Once the figures were cleaned up, washed and dried (this is often a good idea as it removes grease that is sometimes present after the casting process), I assembled each one as I saw fit - the variety of weapons and shields provided means you can mix things up quite a bit - and glued each figure to a Renedra 20mm circular base. When dry, I added the base texture. I prefer to base figures before they are painted, because I’m going to paint the base anyway, and because if I do it that way round the base texture can be arranged nicely against the feet of the figure with no chance of the metal base showing through. The base texture is a mixture of polyfilla, water, PVA glue and builder’s sand. I mix it all together to what I consider to be the right consistency and spread it over the base. I immediately add a fraction of a pinch of gravel (simulating small rocks) and then a more generous pinch of Chinchilla dust (for fine texture). The gravel I use was very fine – almost dust - collected from the side of an unpaved road; Chinchilla dust is finer than sand, and can be obtained from pet shops in absurdly large quantities (for the wargamer’s use, at least) for negligible cost. I believe my lifetime’s supply of this cost me 50p about twenty years ago.

Before the base sets I gently wash down the model’s feet with clean water using a paintbrush so that none of the filler sets on the figure. Then leave it to set. Once the base texture is dry, I paint the base entirely in a dark brown colour, and when that’s dry, dry brush highlight with a lighter colour. Then undercoat the actual figure in a light grey. Because I don’t believe in spending a lot of money on undercoats, and I like to be consistent, the base colours I use are Crown Matt Emulsion Cafetiere (dark) and Crown Matt Emulsion Brown Sugar (dry brush). The grey is whatever grey I have to hand and is not important. So, figures based and undercoated and ready to go. 
Armoured axeman
The first of the Sons of Death that I painted was an armoured chap with an axe and no shield and not a lot of scope for fine detail painting compared to the others. Ideal to get my hand in. Because he is wearing a helmet and has little face visible, I didn’t put a lot of effort into facial detail and it doesn’t stand out. I've improved my technique with armour since, now doing a much finer dry brush of gunmetal over a black basecoat - this chap's armour was painted gunmetal and then shaded with a wash. Nothing special overall but good enough to give me the confidence to get on with the next figure.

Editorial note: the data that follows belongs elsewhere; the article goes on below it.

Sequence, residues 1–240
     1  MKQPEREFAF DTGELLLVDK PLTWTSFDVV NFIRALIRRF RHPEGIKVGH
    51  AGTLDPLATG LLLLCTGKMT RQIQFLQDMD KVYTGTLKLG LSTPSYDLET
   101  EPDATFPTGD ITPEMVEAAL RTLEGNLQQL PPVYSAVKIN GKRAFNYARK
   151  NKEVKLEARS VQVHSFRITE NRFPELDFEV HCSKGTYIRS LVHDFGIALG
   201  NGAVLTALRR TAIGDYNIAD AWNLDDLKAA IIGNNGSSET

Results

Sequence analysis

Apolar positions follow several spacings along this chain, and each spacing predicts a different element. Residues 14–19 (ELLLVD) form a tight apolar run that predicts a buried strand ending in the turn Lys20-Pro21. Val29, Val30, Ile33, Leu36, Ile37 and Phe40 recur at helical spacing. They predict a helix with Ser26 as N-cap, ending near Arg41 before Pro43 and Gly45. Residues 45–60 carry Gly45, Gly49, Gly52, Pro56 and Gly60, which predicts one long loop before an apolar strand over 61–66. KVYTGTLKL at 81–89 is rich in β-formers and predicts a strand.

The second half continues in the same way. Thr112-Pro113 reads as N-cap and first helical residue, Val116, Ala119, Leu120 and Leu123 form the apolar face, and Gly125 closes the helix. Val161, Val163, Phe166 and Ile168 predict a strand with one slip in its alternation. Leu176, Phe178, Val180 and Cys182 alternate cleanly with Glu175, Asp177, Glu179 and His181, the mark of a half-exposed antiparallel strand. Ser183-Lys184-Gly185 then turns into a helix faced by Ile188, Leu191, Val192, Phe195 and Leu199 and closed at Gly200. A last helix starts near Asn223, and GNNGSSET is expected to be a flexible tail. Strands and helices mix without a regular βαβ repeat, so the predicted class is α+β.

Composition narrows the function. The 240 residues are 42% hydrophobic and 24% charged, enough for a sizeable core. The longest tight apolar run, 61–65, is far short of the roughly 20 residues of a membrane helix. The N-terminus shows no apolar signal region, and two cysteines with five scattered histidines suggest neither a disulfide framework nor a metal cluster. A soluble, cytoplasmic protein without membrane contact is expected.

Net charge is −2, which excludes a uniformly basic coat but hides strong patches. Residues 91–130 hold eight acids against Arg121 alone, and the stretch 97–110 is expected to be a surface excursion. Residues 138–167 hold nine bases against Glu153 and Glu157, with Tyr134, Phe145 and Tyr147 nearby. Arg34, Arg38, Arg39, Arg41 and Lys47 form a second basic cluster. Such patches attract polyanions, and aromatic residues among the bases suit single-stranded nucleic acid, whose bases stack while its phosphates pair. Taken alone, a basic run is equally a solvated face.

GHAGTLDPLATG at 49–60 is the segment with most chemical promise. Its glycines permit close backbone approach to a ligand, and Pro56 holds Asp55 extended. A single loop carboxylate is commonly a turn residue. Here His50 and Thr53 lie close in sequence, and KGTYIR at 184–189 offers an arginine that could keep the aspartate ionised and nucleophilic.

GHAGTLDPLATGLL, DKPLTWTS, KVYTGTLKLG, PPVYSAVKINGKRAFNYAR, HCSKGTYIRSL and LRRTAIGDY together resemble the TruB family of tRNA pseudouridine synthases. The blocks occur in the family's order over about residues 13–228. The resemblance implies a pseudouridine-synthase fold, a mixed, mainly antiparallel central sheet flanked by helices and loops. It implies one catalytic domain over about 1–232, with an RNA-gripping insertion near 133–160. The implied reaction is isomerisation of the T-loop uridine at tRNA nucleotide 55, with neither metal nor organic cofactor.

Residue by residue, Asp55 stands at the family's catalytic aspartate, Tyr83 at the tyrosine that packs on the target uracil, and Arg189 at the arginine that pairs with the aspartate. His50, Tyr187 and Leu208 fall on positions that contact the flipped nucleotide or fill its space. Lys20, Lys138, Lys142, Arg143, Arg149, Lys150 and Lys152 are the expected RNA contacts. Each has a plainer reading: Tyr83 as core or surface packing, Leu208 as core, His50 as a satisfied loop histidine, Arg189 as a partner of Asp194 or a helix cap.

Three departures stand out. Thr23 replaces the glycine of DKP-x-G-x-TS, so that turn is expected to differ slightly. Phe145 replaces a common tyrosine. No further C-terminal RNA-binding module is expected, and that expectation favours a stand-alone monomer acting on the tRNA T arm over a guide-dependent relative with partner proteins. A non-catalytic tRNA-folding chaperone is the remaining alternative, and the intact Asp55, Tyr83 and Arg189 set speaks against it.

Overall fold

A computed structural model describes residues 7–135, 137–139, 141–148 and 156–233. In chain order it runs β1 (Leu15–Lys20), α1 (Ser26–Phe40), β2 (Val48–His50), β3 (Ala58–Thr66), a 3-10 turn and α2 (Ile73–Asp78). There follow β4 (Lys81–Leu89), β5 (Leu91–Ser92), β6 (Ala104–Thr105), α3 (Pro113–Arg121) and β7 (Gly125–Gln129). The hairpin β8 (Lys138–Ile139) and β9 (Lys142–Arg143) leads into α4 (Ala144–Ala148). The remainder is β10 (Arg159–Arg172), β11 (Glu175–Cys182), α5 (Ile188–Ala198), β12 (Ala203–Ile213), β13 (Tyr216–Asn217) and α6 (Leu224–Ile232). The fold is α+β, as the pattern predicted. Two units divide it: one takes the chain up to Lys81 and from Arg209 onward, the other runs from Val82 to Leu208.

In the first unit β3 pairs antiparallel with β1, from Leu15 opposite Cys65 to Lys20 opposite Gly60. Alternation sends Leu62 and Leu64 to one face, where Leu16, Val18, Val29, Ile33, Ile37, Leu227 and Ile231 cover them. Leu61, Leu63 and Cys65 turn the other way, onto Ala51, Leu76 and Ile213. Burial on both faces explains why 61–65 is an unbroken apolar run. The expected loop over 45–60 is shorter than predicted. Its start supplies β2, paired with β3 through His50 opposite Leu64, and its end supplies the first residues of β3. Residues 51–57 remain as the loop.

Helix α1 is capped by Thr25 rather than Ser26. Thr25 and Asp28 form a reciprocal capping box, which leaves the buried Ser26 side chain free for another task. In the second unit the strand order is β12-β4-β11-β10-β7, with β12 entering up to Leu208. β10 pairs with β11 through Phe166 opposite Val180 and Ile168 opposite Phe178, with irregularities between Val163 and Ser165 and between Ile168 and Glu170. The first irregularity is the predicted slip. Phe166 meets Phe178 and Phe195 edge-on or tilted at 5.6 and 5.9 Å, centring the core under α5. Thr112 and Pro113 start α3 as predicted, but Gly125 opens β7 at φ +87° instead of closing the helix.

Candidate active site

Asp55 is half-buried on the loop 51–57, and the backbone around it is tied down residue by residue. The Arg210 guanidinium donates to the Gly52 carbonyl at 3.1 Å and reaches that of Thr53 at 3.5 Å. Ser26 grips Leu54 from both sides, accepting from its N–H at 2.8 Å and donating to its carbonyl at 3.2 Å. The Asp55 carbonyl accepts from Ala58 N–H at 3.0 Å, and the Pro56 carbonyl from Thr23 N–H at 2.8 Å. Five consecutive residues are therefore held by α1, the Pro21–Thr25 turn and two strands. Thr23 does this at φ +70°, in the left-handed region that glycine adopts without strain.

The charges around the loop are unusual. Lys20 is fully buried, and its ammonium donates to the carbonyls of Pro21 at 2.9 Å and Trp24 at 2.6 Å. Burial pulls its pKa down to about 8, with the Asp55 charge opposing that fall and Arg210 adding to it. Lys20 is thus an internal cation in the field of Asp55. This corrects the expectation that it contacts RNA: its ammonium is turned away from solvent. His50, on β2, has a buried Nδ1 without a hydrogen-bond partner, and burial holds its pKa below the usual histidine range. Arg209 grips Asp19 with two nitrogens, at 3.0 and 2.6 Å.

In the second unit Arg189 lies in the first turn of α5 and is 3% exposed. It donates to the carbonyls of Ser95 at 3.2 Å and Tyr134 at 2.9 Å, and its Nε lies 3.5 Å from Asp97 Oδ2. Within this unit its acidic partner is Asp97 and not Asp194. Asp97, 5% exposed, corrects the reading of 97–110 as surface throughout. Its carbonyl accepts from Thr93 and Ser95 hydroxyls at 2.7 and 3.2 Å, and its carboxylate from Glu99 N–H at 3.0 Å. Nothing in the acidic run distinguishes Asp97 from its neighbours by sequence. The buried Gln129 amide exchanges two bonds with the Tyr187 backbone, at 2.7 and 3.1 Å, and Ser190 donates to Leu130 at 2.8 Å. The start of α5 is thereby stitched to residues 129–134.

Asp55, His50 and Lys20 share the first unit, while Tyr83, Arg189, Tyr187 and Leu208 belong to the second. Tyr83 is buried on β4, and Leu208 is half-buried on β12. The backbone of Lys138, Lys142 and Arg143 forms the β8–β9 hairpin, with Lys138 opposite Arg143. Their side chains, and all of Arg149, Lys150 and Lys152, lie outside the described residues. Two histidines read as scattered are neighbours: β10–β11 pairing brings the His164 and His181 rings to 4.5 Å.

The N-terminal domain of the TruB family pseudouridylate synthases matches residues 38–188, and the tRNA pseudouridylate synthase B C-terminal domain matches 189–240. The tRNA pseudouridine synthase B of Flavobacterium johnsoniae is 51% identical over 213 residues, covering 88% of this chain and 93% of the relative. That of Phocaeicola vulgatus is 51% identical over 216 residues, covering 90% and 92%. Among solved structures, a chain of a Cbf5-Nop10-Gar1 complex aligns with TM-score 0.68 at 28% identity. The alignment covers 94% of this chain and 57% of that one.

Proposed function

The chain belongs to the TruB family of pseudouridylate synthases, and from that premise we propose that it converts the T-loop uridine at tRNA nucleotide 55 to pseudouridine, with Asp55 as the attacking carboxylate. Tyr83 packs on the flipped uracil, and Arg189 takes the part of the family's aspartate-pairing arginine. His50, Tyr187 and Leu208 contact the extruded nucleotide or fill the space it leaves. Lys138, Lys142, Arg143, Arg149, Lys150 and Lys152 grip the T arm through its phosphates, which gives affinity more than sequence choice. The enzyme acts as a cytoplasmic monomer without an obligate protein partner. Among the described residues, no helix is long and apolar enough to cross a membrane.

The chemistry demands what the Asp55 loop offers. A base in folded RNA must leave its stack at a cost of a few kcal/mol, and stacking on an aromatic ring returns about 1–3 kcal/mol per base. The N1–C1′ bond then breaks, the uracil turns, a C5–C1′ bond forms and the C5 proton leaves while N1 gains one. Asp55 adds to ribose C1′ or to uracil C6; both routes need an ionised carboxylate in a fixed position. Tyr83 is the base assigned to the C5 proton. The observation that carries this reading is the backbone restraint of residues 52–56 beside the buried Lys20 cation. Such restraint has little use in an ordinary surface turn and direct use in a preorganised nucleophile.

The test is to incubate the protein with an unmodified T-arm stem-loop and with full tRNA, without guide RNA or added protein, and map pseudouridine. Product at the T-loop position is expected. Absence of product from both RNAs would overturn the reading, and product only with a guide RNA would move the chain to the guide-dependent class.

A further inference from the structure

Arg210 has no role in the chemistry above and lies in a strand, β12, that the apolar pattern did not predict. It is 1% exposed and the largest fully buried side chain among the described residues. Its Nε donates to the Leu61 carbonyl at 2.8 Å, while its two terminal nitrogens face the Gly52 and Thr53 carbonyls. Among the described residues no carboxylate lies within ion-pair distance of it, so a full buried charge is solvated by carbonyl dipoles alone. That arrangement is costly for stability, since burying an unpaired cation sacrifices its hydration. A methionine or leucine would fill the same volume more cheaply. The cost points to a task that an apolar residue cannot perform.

Bald warrior with sword and shield
A bald chap with sword and shield wearing a chain shirt. This was my first serious attempt at painting facial features – not something I would even attempt at 15mm, and a bit of a cheat as he has no hair. The first thing was to get his eyes right - very unfamiliar territory indeed. I started with a couple of blobs of white with black pupil blobs in, and shaped the eye outline with a dark flesh colour. This is the method used for all the Sons of Death and to be honest it's given them a bit of a cartoony look. I have since changed my approach to define the eye outline using Leather Brown, then applying flesh colours to the face around that. This works a lot better, but as I said this article is about showing my learning practice. I wasn’t sure what I was doing with this chap’s shield at all, so made it up as I went along, and I think it shows (though it’s not bad enough to warrant starting again). Shading and highlighting the folds on his cloak also involved a lot of guesswork (and repainting) but worked out OK in the end.

Since finishing the Sons of Death I have found that you end up with a better finish if certain things are planned beforehand. This is particularly the case with shield designs which I now set out basic designs for at the unit level before I start painting them. I now sketch all the shields of a unit on paper to get an idea of what I am trying to achieve before I start any of them and this definitely produces better results in the end.
Bald spearman
With added confidence about painting facial details on bald warriors I moved on to this spear-armed chap. His armour worked out a lot better than before and his shield design, whike simple, works well because of the contrasting colours used, though again, the overall impression would have been improved considerably if I had planned the design in advance rather than done it on the hoof.

The spear used on this chap is the one provided with the figure. I have since decided that I don't like these and if I was doing this figure now would have replaced it with one made from brass rod. I'll come back to that in a future post about my Anglo-Danes.
Unarmoured swordsman
The fourth of the Sons of Death to get my attention was this chap with no armour, armed with a sword and shield held high. This gave me a real challenge at highlighting (hair and clothing) at this scale and while it turned out OK in the end was a bit of a painful learning process. Shadow and highlight colours need to be distinctly different to the main colour to achieve the right effect, although they can be blended in in places to avoid lines of contrast. Needless to say a lot of repainting was required, but I think I was reasonably successful here. I was happy with the shields of the previous figures so tried to be a bit more ambitious with this one, which I just about got away with but the knotwork design I cobbled together (another case for planning ahead) doesn’t stand out as well as it might because there isn’t enough contrast between the base colour of the shield and the background colour to the design – I make sure I get this right with the shield designs I do now.